These types of events are an amazing addition to the company’s culture, and really help to drive new innovations into our products. Engineers walk away from the two days of coding with a new sense of empowerment, realizing just how much they can accomplish in such a short period of time. Additionally, many of the projects stretch the bounds of what our products can do already, showing us new areas for efficiency improvements, incredible new user experiences, or just plain fun new ways of looking at the same data.
Having done this for a year, we’ve learned a few things along the way about how to run a successful Science Fair. Here are my top three tips.
1. Get thematic
We’ve learned that providing some structure to the projects helps to give people direction. We’ve published a list of themes for the last two Science Fairs, and that has helped not only with the task of judging all of the projects by dividing it into manageable chunks, but has also been a way to help engineers discover projects that they are passionate about.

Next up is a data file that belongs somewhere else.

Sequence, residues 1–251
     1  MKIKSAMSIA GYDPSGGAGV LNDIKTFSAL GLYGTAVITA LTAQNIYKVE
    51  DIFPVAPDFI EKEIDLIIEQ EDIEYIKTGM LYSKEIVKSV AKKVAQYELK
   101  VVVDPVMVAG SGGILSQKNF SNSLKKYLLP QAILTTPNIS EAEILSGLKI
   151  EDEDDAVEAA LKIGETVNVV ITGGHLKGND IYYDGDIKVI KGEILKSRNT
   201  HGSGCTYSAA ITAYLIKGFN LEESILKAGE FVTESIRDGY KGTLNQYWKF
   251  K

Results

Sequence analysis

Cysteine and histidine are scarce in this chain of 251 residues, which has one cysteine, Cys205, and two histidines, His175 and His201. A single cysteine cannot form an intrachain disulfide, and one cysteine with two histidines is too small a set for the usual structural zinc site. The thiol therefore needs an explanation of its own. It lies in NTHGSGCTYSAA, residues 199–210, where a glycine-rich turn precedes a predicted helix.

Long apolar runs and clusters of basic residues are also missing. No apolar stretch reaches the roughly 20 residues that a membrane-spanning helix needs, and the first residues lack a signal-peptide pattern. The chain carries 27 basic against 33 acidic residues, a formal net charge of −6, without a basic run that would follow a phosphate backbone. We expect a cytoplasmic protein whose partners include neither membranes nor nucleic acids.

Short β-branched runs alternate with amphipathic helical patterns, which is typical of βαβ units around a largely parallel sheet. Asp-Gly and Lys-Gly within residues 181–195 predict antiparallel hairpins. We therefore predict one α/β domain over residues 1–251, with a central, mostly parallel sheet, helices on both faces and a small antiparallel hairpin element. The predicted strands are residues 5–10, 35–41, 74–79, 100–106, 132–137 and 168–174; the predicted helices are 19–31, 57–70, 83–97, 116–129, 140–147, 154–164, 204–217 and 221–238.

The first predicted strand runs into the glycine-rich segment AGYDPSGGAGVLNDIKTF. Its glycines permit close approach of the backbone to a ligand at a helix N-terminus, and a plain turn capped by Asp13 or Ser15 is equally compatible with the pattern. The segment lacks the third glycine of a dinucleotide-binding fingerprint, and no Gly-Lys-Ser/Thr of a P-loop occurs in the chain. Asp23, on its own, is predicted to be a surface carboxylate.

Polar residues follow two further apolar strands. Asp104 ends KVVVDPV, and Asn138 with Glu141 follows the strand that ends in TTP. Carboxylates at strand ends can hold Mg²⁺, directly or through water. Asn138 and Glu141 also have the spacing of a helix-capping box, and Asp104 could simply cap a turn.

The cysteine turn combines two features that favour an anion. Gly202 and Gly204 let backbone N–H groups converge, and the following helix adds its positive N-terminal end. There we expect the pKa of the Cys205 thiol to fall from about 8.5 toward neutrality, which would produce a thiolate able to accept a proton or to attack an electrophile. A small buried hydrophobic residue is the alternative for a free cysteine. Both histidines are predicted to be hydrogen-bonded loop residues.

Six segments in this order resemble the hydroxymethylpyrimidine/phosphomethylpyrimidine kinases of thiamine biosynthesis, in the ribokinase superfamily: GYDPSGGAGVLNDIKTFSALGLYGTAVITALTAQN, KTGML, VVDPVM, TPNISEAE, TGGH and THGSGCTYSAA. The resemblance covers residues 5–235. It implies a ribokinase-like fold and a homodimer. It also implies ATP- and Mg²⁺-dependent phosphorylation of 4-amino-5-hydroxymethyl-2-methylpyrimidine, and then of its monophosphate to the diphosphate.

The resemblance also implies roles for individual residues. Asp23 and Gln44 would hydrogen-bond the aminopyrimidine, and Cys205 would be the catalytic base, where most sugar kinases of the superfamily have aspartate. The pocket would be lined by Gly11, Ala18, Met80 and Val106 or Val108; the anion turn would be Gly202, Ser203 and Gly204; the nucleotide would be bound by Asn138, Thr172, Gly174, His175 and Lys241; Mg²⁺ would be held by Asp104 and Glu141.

2. Don’t be afraid to show it off
Second, it is critical that participants be able to see as many of the projects as possible at the conclusion of the Science Fair. We still have room to improve on this, but including a Science Fair Open House the Monday after the fair provides everyone with a chance to see what their peers were able to accomplish.
3. Level set
Finally, it is worthwhile noting that you should not expect to get new features or products out of every event. It is much more valuable to keep the process very open and to allow everyone to enjoy themselves rather than feeling like they have to produce the next great thing.